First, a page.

Two Poems

Julia Bouwsma

Dear ghosts, how can we stop the sunlight spinning the story

from our hands? The boards were pried off one by one, but the threat of firewill linger under anyone's tongue. Who doesn't carry their own erasuressilently in their spines, limbs horizoned to the past? My old dog shredsherself a nest in the old quilt, and I Franken-stitch it back up, stumblethe knot. If placed in a room together, you would not recognize the onesyou have become, nor would they recognize you. Too often the poem's fingersare clumsy with distance, grief the long thread I fail again to tie.Would it matter if I told you of my own ancestors? Bodies packedin cattle cars, bodies prodded into dividing lines, the gloved hands that chooseanother's fate. Goose-flesh skin surrendered to the clutch of shower tiles,the final dark release of their bodies coiled into air. All I know is this:even before I was born I breathed a loss not my own.

Sucker Fish

                        Lizzie MarksMy baby was a sucker fish right from the start: a fat slap and slurp, a thrashin the net of my belly (and how thin, how patched the net) that summerI stumbled so full of him each morning down to the shore, nausea a thundercloudabout to split as I heaved into the ocean, jacksmelts gathering to bite my toes,puked last night's potato scraps into the sea drooling, lifted my skirtsnot caring who could see and thought to myself, Lizzie you've got yourself a sucker fishinside of you—he'll eat you whole if it's the only way out. Thick foot hard in the gut,and I thought, He's a fighter sure as dawn. And how happy I was then, knowingmy baby would fight, even with a hook in his gape-hungry jaws. Yes, and he cameout like that too, flopping and red, latched straight on with his fleshy lips—till that day they drove us from our house, loaded us into the boats, the carriage,steered us into the bleach cold hall said, Women go left men go right. Then I knew the linewas about to snap. A pair of white hands plucked him off my breast. I sagged downtorn, unfurled, gill-slit. And my sweet William he just puckered his mouth.


In 1912 the State of Maine forcibly evicted an interracial community of roughly forty-five people from Malaga Island, a small island off the coast of Phippsburg, Maine. Though Malaga had been their home for generations, nine residents (including the entire Marks family) were committed to the Maine School for the Feeble Minded in Pownal, Maine. The others struggled to find homes on other islands or on the mainland, where they were often unwelcome. The Malaga school was dismantled and rebuilt as a chapel on another island. Seventeen graves were exhumed from the Malaga cemetery, consolidated into five caskets, and reburied at the Maine School for the Feeble Minded. Just one year after the start of the eviction proceedings, the Malaga community was erased.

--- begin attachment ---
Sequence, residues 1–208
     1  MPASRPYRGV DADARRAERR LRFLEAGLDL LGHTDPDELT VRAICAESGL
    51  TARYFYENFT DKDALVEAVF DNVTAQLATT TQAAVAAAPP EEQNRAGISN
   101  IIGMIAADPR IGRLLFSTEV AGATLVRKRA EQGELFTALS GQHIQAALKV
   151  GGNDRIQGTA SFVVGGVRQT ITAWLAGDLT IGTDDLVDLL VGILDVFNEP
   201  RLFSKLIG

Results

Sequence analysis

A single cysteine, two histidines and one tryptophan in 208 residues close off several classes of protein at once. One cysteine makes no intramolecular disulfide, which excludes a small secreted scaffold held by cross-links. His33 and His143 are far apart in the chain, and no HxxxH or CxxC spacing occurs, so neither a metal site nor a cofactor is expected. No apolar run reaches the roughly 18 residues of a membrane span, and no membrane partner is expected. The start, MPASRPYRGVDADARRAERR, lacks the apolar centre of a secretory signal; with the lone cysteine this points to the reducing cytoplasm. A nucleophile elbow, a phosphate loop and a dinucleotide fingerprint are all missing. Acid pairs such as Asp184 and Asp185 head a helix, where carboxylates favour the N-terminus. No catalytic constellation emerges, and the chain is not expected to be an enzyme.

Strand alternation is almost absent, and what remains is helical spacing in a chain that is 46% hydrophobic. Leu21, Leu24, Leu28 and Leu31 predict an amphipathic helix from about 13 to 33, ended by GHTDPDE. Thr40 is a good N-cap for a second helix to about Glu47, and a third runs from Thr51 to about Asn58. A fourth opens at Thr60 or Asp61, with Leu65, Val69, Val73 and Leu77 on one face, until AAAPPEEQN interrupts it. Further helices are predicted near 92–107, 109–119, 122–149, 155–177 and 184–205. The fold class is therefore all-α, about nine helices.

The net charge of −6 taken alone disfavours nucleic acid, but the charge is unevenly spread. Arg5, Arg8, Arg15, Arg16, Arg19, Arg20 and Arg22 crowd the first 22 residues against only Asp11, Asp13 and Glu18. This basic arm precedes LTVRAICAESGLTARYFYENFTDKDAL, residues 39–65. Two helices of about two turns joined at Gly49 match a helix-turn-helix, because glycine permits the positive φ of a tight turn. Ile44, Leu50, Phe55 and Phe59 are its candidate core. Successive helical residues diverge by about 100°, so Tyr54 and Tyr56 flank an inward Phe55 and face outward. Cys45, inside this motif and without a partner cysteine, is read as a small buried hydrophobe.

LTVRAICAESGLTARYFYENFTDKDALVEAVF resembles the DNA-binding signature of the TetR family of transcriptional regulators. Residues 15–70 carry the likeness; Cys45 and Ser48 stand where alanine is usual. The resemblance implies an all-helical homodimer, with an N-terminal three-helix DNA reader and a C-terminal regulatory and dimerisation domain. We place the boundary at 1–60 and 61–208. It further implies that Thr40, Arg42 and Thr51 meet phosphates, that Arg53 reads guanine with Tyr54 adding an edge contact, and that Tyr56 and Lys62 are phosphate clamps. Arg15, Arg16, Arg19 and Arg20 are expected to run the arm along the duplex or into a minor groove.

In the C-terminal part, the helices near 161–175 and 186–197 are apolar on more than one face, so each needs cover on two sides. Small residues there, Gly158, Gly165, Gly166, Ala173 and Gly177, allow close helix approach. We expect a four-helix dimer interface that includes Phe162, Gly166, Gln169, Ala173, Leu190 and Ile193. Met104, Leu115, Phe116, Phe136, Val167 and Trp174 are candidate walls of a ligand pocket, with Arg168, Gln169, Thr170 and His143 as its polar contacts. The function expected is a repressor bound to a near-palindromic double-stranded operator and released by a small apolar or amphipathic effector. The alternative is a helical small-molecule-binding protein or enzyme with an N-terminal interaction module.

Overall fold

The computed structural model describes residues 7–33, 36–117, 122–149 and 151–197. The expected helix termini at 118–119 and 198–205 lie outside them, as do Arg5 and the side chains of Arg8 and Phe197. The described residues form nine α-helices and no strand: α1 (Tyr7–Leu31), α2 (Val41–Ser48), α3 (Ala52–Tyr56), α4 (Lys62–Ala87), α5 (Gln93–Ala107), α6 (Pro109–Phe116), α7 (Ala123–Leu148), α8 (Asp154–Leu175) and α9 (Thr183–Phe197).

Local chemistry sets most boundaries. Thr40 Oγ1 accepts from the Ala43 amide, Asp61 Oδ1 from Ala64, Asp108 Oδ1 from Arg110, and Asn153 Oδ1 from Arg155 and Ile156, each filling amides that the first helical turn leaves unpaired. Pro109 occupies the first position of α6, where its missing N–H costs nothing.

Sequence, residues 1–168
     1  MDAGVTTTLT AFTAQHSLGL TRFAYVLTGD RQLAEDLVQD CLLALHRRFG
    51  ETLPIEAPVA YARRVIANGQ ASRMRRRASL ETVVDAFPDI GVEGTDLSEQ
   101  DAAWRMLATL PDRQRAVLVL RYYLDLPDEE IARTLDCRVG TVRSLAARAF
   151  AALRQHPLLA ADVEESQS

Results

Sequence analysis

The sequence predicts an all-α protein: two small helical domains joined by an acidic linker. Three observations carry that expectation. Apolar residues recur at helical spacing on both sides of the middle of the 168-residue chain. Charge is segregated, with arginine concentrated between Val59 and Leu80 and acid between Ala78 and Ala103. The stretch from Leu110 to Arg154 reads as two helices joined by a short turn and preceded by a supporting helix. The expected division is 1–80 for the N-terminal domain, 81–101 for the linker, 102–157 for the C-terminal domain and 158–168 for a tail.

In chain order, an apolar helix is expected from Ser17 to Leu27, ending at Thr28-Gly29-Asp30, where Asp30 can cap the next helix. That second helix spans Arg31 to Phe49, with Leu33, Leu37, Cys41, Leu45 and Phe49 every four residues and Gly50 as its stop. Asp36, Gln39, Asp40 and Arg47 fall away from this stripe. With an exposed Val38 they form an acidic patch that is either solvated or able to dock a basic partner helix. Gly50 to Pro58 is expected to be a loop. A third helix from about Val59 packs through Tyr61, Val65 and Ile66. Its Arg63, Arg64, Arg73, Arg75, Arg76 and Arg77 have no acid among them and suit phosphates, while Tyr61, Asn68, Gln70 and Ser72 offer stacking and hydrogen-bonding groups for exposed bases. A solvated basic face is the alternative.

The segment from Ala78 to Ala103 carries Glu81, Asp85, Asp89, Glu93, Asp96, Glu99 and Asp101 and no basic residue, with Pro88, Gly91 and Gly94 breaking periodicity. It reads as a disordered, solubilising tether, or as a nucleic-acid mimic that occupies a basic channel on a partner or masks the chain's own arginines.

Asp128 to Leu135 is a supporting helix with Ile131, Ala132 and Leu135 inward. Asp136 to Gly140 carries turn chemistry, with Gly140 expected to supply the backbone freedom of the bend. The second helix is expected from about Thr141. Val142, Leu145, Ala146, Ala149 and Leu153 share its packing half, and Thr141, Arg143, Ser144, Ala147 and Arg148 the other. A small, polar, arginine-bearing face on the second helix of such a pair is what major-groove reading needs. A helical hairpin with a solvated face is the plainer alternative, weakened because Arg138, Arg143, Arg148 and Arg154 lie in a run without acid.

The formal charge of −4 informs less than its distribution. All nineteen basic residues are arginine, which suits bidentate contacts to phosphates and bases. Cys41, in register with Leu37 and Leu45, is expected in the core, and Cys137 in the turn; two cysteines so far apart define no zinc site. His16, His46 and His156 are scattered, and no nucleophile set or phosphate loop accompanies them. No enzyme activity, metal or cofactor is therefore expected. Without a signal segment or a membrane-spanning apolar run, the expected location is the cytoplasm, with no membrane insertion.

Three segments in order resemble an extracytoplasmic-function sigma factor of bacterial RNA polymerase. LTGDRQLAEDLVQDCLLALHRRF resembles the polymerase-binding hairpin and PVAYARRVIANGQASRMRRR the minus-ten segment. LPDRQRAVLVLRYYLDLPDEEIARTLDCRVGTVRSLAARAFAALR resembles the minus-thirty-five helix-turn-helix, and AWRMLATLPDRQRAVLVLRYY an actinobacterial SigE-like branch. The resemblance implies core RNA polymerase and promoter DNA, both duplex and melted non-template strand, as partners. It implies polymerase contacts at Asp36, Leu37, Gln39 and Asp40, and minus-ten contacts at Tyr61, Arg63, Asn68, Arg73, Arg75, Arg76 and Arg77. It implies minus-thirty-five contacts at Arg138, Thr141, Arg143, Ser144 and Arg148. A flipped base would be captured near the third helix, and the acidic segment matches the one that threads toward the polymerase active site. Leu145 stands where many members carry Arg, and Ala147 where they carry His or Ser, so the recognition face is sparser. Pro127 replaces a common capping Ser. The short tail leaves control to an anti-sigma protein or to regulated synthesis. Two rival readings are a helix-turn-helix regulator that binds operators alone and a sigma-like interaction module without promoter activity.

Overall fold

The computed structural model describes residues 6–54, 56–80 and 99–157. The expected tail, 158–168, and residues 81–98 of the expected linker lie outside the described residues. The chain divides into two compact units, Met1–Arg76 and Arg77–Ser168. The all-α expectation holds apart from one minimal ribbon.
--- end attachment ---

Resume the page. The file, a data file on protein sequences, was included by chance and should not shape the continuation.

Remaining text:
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Julia Bouwsma is the author of two poetry collections: Midden (Fordham University Press, 2018), selected by Afaa Michael Weaver for the Poets Out Loud Prize, and Work by Bloodlight (Cider Press Review, 2017), which received the 2018 Maine Literary Award. She lives and works on an off-the-grid farm in the mountains of western Maine where she serves as Book Review Editor for Connotation Press: An Online Artifact and as Library Director for Webster Library in Kingfield, Maine.

"Julia Bouwsma’s chilling tale of the quietus of Malaga Island is shattering in its simplicity. The ease with which an ‘undesirable’ culture can be summarily disappeared is not a grim aberration relegated to a long-ago past—it’s a monster of the here-and-now. This is a chilling commentary, compassionate and character-driven, penned by a poet who is resolute and relentless as witness."
—Patricia Smith

"Vividly reimagined and gorgeously rendered, Julia Bouwsma’s Midden gives voice to the citizens of Malaga Island, off the coast of Maine, who early in the twentieth century were removed from their homes, their lives destroyed. Bouwsma writes, ‘I tried to write the island / to life.’ In this devastating and beautiful collection, she does just that, as she expands the field of documentary poetics. These poems bear witness to the tragedy of Malaga Island and demand that we remember our country’s violence to people and land. Julia Bouwsma’s voice is eloquent and urgent."
—Nicole Cooley

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